For laggards, adopting an innovation represents a significant departure from their comfort zone. They might only embrace an innovation when it becomes absolutely necessary or when there are no viable alternatives left. Due to their resistance to change, persuading laggards to adopt an innovation can be challenging.
The Chasm Theory
While the Diffusion of Innovations law provides insights into the adoption flow, Geoffrey Moore extended this model with his Chasm Theory, introduced in 1991.
The chasm represents a gap in the adoption process that occurs between the early adopters and the early majority. The early adopters are typically more technologically savvy, risk-tolerant, and open to embracing disruptive innovations. They are excited about new possibilities and are willing to try products that are not fully proven or optimized. On the other hand, the early majority, constituting the pragmatic and risk-averse segment of the market, is not as receptive to unproven or disruptive technologies. They need more evidence of an innovation’s viability and stability before considering adoption.
Crossing the chasm is one of the most significant challenges innovators face, as it requires adapting strategies and messaging to resonate with the needs and concerns of the early majority. Several factors contribute to the formation of the chasm:
Risk Aversion: The early majority is more risk-averse than early adopters, requiring greater assurance that an innovation will deliver the promised benefits with minimal disruption or failure.
Pragmatism: The early majority seeks practical solutions to real-world problems, and they value proven track records and established best practices.
Solution Maturity: Early majority customers prefer solutions that have been tested and refined, ensuring a smoother implementation process and fewer unexpected challenges.
Market Education: Early majority customers require clearer value propositions and a deeper understanding of how the innovation will address their specific pain points.
Moore’s theory advises innovators to focus on one customer group at a time, leveraging early adopters’ success to gain momentum for broader adoption. If a business manages to create a bandwagon effect, the innovation can become a de-facto standard by solving a critical problem in one specific vertical. Once established in one niche, the innovation can expand into related verticals, using its credibility to address similar challenges. Gradually, the innovation gains acceptance across different segments, eventually becoming the default choice for businesses facing the problem it solves. This sequential approach helps innovators bridge the adoption gap and achieve widespread market acceptance, positioning their products for long-term success and impact.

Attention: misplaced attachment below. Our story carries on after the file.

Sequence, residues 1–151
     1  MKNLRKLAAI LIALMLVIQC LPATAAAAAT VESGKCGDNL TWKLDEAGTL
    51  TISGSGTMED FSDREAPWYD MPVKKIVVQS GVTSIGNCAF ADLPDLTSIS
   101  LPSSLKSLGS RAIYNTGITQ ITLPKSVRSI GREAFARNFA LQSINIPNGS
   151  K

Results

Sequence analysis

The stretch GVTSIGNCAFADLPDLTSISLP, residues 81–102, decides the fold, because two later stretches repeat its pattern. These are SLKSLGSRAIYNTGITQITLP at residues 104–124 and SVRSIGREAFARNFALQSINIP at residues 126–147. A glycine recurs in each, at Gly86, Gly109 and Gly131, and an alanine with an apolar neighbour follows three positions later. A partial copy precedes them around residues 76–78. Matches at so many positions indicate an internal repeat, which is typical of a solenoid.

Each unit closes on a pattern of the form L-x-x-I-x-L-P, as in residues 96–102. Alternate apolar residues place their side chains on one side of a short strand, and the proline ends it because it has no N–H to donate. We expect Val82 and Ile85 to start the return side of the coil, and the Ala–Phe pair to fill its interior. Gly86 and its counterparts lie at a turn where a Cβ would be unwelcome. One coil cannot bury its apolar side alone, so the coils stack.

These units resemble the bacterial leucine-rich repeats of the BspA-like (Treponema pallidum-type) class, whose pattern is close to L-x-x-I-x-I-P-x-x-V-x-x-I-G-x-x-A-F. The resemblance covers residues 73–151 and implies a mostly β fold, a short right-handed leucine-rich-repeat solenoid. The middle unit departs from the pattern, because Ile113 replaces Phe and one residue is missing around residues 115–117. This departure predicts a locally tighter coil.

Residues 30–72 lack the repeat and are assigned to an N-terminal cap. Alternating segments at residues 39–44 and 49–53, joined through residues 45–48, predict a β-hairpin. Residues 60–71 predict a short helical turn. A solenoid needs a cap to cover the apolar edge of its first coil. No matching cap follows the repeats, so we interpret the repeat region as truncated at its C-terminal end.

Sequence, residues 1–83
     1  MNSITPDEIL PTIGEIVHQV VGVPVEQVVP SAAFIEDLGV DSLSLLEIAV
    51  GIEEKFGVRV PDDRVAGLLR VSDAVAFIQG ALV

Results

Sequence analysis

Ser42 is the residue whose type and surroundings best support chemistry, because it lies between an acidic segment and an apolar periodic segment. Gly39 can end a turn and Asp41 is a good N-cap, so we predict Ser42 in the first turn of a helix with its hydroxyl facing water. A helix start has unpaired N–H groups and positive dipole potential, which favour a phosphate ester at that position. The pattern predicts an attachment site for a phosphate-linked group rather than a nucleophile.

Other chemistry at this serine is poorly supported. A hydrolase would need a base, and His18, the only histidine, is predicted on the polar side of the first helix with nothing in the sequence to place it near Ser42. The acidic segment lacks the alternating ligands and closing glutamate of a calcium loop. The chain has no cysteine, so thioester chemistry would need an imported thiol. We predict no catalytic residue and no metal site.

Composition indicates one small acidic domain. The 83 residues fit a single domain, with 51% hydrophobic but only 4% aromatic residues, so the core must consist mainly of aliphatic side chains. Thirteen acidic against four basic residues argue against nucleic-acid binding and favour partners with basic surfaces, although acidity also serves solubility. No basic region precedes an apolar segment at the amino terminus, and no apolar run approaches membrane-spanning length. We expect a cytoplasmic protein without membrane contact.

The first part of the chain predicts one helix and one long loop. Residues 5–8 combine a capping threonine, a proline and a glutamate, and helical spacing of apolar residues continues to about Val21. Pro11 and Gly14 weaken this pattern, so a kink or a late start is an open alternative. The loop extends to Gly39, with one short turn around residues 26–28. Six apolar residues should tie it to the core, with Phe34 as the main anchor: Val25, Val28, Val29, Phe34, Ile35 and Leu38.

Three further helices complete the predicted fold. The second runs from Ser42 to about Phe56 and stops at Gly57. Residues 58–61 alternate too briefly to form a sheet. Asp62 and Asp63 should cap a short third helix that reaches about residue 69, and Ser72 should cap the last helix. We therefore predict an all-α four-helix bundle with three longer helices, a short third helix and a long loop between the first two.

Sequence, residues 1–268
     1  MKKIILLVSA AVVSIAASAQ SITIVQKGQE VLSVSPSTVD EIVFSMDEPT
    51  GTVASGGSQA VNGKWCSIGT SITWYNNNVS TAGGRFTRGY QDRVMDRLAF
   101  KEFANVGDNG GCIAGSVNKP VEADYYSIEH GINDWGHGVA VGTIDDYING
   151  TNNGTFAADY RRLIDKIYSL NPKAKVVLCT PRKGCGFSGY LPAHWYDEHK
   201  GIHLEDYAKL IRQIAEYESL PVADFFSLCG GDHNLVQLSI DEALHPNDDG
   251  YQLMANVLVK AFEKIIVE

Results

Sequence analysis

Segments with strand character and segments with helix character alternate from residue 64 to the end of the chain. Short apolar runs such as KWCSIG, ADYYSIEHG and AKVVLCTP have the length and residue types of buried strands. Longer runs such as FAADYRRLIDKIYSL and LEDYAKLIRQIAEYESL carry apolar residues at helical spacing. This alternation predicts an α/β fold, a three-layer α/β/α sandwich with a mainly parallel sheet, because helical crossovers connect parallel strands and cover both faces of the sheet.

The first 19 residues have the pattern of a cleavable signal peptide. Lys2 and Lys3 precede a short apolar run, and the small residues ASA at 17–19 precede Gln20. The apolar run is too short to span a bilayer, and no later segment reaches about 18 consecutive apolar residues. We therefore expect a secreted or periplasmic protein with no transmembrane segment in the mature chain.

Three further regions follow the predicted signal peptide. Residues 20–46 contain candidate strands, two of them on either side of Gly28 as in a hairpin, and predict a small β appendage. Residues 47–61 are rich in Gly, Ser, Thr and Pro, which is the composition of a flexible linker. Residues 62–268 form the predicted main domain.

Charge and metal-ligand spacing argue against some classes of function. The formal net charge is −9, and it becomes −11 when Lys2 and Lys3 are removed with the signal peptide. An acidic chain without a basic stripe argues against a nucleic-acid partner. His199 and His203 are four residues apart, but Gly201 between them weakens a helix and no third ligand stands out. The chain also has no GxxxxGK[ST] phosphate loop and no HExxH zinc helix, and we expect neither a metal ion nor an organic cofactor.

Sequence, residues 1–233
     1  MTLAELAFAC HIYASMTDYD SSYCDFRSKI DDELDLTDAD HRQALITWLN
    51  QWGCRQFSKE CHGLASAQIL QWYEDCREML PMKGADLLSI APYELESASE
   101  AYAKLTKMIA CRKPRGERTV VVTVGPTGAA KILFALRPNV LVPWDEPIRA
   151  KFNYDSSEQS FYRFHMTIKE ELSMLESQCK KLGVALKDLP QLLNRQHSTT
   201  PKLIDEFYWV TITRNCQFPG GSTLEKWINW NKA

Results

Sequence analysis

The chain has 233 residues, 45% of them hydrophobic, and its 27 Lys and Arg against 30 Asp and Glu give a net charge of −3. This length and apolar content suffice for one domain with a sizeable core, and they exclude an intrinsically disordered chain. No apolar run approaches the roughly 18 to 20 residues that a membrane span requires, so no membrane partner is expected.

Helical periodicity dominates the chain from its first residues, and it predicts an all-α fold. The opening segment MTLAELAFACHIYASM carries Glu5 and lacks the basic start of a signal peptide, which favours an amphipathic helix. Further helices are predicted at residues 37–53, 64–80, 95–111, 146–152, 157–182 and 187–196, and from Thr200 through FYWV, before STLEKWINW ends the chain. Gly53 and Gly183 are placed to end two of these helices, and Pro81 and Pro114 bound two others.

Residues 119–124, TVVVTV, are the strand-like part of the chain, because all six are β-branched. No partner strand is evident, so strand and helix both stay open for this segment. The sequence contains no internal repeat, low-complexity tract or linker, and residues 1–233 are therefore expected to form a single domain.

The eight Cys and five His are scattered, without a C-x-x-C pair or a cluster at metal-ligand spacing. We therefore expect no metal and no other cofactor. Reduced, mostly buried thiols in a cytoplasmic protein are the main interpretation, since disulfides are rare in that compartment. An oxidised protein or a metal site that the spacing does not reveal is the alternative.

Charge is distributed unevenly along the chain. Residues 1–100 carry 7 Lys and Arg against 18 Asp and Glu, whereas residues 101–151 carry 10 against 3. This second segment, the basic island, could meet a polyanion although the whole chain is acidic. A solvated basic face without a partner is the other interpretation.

Leveraging Life Cycle Assessment & Product Lifecycle Management
Over the years, companies have been dedicated to adopting holistic product lifecycle management (PLM) systems. These systems encompass a range of business solutions that enable the seamless utilization of product definition data from inception to end use.
In contemporary times, PLM has become integral to engineers’ work, acting as their primary language. By leveraging PLM systems, companies can effectively capture, standardize, analyze, and disseminate product knowledge throughout their organizational structure.
Deloitte, one of the world’s leading providers of industry insights and audit, consulting, financial advisory, risk management, and tax services, cites the following tangible benefits that one of its clients realized upon implementing PLM:
Ernst & Young, another ‘Big Four’ firm, presented a compelling case study of a large company that witnessed remarkable improvements after fortifying its PLM and supply chain frameworks. The company experienced a noteworthy 40% increase in the net present value of its product portfolio, while resource productivity surged by over 20%. Additionally, the adoption of digital PLM yielded impressive gains, with project durations reduced by 10% to 30%, leading to a substantial acceleration in sales. Another company’s success story highlighted by EY involves embracing digital PLM, resulting in complete portfolio transparency and a remarkable 72% increase in gross margin per active product.